5.3 Preclinical Safety Data

Genotoxicity.

No data available.

Carcinogenicity.

No data available.

4 Clinical Particulars

4.1 Therapeutic Indications

Colese tablets are indicated in the management of the irritable bowel syndrome (irritable colon, spastic colon, functional bowel disorders, spastic constipation, nervous diarrhoea). Colese is used to treat the symptoms of this condition i.e. abdominal pain and cramps, persistent, non-specific diarrhoea (with or without alternating constipation) and flatulence.

4.3 Contraindications

Hypersensitivity to any component of the product.

4.4 Special Warnings and Precautions for Use

Although not reported, Colese tablets should be used with caution in patients with the following conditions on the basis of potential clinical significance.

Pharmaceutical precaution.

Colese tablets contain lactose monohydrate (80 mg per tablet) and consideration should be given to patients with a potential diagnosis of lactose intolerance simulating irritable bowel syndrome. Patients with rare hereditary problems of galactose intolerance, the Lapp lactase deficiency or glucose-galactose malabsorption should not take this medicine.
The tablets also contain sucrose and should not be used by patients with rare hereditary problems of fructose intolerance, glucose-galactose malabsorption or sucrase-isomaltase insufficiency.

Cardiac dysrhythmia.

In particular patients with partial or complete atrioventricular heart block, and/or angina or severe ischaemic heart disease.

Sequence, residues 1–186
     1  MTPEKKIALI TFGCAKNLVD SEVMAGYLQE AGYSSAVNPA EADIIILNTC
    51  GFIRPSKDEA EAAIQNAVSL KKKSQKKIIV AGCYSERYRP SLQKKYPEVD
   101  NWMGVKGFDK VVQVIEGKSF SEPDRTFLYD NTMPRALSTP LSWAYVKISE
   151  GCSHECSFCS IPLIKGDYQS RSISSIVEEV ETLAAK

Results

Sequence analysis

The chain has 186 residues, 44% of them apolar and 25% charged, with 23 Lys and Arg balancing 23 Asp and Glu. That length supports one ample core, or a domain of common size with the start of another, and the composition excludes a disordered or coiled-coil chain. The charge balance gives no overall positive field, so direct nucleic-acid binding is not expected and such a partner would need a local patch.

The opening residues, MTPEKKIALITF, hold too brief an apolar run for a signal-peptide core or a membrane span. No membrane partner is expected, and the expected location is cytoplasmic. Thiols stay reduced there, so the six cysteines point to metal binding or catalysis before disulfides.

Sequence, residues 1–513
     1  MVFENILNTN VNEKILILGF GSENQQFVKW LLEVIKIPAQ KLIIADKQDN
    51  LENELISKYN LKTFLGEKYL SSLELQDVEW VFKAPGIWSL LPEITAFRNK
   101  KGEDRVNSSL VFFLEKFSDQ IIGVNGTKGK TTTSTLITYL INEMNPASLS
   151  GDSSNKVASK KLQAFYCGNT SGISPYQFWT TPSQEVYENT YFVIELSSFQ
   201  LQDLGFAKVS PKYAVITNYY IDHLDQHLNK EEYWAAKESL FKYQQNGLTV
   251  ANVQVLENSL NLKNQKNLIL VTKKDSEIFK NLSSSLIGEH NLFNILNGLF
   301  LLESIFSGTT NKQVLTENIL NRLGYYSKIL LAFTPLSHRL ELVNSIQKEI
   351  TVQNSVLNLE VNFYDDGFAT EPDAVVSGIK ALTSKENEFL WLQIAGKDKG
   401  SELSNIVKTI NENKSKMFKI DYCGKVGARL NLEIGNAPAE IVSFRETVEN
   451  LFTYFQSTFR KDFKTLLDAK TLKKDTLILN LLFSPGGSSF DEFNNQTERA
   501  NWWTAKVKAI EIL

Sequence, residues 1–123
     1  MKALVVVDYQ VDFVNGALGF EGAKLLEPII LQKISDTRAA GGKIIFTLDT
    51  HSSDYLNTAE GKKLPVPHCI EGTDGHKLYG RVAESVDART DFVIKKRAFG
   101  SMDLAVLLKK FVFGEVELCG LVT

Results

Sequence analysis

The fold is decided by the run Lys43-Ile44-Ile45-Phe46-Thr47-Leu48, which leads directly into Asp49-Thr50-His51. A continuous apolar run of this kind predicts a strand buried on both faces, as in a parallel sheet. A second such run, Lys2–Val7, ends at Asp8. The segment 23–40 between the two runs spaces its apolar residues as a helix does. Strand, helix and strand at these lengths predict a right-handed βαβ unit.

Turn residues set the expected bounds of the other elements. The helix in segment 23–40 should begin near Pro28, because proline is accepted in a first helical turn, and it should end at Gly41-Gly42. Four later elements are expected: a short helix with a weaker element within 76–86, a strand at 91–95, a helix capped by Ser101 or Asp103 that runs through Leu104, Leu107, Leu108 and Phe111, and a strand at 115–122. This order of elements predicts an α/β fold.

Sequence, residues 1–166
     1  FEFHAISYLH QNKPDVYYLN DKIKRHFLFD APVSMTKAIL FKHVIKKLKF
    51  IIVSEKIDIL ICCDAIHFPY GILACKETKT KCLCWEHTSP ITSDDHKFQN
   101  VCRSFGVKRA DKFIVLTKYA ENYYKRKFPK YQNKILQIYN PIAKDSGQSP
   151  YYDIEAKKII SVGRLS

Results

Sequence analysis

Use in hepatic impairment.

Hepatic dysfunction i.e. patients with advanced liver disease, e.g. cirrhosis (because of metabolic pathway). Liver function tests may be indicated if patient develops gastrointestinal symptoms or jaundice suggesting hepatic sensitivity.

Use in renal impairment.

Advanced renal disease (because of excretory pathway).

Use in the elderly.

No data available.

Paediatric use.

No data available.

Effects on laboratory tests.

No data available.

4.5 Interactions with Other Medicines and Other Forms of Interactions

See Section 6.2 Incompatibilities.

4.6 Fertility, Pregnancy and Lactation

Effects on fertility.

No data available.
(Category B2)
Safe use in pregnancy has not been established relative to adverse effects on foetal development. Therefore, Colese tablets are not recommended during the first trimester of pregnancy, and otherwise risk-benefit must be considered in its use in pregnant women.
Teratogenicity has not been demonstrated in teratology studies in rats and rabbits.
Mebeverine is secreted in breast milk (< 10 microgram/mL following an oral dose of 100 mg mebeverine hydrochloride). Although problems have not been documented, as a general rule, Colese tablets should not be given to a woman who is breastfeeding unless the anticipated benefits outweigh possible risks.

4.8 Adverse Effects (Undesirable Effects)

Because of the low incidence of adverse drug effects reported, a meaningful estimate of adverse reactions is difficult to obtain.